The shameless pomp of Queen is a key influence today. He’s been covering Bohemian Rhapsody in concert and on the recent soundtrack to the comic book movie Suicide Squad. “If I saw any other band doing that, I’d be like, ‘Fuck off, who do you think you are?’ I ask myself the same thing,” says Urie. “We just started doing it during our soundchecks, for a change from playing the same songs, and began going further and further into it. Brian May got in touch to say something like, ‘Well done lads, didn’t think you had it in you,’ which was really cool and validating.”
Then there’s Sinatra. Urie has a large image of the legend’s face on his left forearm, with hat and bow tie, in black-and-white apart from those famous blue eyes. His Twitter avatar is him mimicking Sinatra’s police mugshot from 1938, with the same number hanging around his neck. On the album’s title track he’s in full crooner mode, and surprisingly, it suits him. “I’m a little obsessed. His world felt so fantastical when I was a kid. I was so enthralled watching Guys and Dolls and learning about the Rat Pack,” he says. “Queen and Sinatra is a cool mix for some reason, though I never thought it would work out.”
He says that even though he is now trading alone, he never considered ditching the band name and calling his latest work a solo album. “It never came into question, taking the name away or changing it. Panic! Has always symbolised some form of excitement that I couldn’t get elsewhere. If I had come out with an album called ‘Brendon Urie Does…’ everyone would have been like, ‘Who?’ Even five albums in I’m still faceless wherever I go, which is great. I’ll get recognised sometimes when I’m on tour, but when I get home I get to go to the grocery store in my pyjamas.”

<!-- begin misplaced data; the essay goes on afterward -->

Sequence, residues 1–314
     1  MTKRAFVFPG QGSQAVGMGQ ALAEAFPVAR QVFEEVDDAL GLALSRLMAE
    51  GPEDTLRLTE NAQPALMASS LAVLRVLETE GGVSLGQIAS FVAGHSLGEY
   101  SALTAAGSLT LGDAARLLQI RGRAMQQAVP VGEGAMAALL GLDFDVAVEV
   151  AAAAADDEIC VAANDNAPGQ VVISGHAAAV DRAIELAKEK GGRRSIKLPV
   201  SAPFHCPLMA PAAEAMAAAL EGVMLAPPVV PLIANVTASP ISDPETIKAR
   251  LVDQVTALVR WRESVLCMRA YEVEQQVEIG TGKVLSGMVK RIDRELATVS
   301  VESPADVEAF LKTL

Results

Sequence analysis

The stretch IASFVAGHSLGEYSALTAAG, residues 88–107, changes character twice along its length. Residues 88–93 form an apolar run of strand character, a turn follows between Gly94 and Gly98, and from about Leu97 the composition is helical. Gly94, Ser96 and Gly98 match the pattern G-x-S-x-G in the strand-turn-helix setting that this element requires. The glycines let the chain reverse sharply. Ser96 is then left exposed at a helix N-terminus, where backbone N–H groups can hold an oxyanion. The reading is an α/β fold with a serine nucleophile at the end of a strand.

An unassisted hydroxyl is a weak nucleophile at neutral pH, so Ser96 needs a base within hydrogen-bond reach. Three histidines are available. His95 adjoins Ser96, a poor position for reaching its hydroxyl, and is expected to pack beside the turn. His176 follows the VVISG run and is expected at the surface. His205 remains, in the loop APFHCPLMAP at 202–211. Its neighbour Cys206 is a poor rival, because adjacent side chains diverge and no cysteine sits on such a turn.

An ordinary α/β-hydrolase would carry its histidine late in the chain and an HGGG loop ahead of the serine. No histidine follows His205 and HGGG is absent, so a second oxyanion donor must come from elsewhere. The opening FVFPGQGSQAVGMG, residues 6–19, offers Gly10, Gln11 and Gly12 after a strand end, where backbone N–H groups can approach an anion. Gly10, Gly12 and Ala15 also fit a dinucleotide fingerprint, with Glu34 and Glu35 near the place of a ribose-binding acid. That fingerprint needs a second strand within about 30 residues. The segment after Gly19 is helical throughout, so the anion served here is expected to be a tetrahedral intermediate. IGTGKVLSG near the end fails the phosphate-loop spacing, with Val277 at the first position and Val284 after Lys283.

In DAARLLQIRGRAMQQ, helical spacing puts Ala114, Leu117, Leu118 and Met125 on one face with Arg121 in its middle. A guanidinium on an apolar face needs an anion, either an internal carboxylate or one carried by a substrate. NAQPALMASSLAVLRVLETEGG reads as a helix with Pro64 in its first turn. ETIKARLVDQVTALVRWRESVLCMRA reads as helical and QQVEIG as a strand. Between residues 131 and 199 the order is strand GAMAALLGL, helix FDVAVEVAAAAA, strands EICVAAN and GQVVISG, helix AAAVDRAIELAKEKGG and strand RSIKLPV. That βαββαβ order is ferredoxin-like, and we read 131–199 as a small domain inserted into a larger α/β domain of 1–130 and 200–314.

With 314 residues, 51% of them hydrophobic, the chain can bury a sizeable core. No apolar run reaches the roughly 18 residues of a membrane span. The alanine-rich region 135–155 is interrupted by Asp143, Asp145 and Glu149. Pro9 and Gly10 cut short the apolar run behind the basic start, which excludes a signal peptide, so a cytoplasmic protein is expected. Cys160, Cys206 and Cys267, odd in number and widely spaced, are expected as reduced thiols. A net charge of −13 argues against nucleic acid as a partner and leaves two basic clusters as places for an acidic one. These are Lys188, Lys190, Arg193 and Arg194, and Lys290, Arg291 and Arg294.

It must be deeply satisfying to go from being the big voice and good-looking face of a band to its main creative force, and find even greater commercial success in the process, but Urie is far too upbeat to be tempted to gloat. His current touring band is a dream, he says (“I love all these guys. Everybody is such a good addition.”) and he only has positive things to say about his former bandmates, too. “Spencer is really good right now. He was just married. He’s almost two years sober now which is just phenomenal. With Jon and Ryan, everybody seems good when I see them, they’re doing their own thing. I doubt that any of us would want to be in the other person’s shoes. They’ve seemed really happy when I’ve talked to them and I know that I am too.”
Why wouldn’t he be? These days he’s married, living in LA’s San Fernando Valley with his wife Sarah and terriers Penny Lane and Humphrey Bogart. He made much of the new music in his home studio. “I finally had the thing I’d dreamed of: being able to wake up, walk into a studio and just write and record for hours on end. I got to do all the fun stuff I’d never tried in the past.” He may have lost his band but he’s found a new lease of life.